DR. SOHAIL A. SIDDIQUE: Urinary dysfunction is common in women age 40 and older and billions of dollars are spent each year on pads, panty liners, diapers, etc., to help with urinary leakage. Many women will avoid social activities for fear of incontinence or will have to map bathroom locations when out of their homes. Some may avoid important events including vacations, weddings or graduations because of fear of urinary dysfunction. Some women avoid sexual relations because of urinary dysfunction.
The symptoms of urinary dysfunction include urinary frequency, incontinence or leakage, urgency and nocturia, which is urinating at night. These increase with age and often start in the premenopausal years and may worsen after menopause. A major risk factor is vaginal childbirth though women who have cesarean section births or who do not have a child are not protected. Cesarean delivery may delay the onset of symptoms. Urinary dysfunction is commonly associated with pelvic prolapse, which is the descent of the uterus or vagina sometimes to outside the body. Women can see this or feel something coming out when they strain for bowel movements or when they wipe after urinating.
Any symptoms of urinary dysfunction are not normal and women should seek medical evaluation and treatment. Sometimes symptoms occur because of illness such as untreated undiagnosed diabetes. Some medications such as diuretics or "water pills" may worsen symptoms though this effect usually goes away with time.
The range of treatments for urinary dysfunction vary and can include weight loss, dietary modification, behavioral modification, pelvic floor exercises such as kegel exercises, physical therapy, a pessary device, medications and surgery. The appropriate therapy is tailored to the patient's symptoms. Frequently a combination of treatments is successful, while for some women only one type of treatment is needed.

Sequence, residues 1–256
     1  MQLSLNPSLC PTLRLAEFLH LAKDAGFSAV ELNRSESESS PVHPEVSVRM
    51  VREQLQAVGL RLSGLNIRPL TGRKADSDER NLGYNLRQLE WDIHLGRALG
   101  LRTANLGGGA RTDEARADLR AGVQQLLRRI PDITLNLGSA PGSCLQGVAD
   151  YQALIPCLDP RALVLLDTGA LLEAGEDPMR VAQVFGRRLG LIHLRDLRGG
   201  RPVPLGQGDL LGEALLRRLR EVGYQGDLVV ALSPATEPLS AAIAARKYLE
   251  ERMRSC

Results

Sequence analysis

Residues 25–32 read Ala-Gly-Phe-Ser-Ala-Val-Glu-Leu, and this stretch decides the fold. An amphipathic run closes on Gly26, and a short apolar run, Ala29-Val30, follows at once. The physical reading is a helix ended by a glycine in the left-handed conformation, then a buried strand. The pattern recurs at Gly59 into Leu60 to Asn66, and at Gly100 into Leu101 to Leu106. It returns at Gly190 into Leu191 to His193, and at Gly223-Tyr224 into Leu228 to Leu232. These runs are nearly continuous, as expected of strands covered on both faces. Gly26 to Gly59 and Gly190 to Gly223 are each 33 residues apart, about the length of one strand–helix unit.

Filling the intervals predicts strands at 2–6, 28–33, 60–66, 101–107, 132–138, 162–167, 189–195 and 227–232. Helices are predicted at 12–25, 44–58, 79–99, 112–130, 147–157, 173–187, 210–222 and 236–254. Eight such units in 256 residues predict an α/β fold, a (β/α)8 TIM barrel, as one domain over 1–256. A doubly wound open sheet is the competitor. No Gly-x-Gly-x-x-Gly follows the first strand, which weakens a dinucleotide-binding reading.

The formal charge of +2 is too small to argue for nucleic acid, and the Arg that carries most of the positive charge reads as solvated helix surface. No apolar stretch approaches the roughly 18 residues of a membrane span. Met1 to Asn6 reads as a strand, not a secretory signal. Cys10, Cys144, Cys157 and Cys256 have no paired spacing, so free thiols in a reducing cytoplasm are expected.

For urge Incontinence, medications and physical therapy are the mainstays of treatment. Not all types of urinary dysfunction are amenable to surgery and some types of dysfunction can get worse with surgery. A physician's recommendations can only be made after a careful history and physical exam are performed.
Many times women with mild symptoms can improve their quality of life with early physical therapy such as doing kegel exercises to strengthen the muscles of the pelvic floor. Up to 50 percent of women do not perform these exercises correctly as many strain instead of squeezing and make their incontinence worse. Proper kegels involve contraction of just the pelvic floor or vaginal muscles and not contraction of muscles of the butt or legs or stomach.
Women should seek help from their primary care physicians, gynecologists, urogynecologists or urologists. Many times urinary problems are accompanied by prolapse and bowel problems and a team of doctors working together can provide the best care.
Take control of your life - don't let bladder problems control you. Seek help today.
Dr. Sohail A. Siddique is an assistant professor of Obstetrics and Gynecology and chief of the Urogynecology division, Southern Illinois University School of Medicine.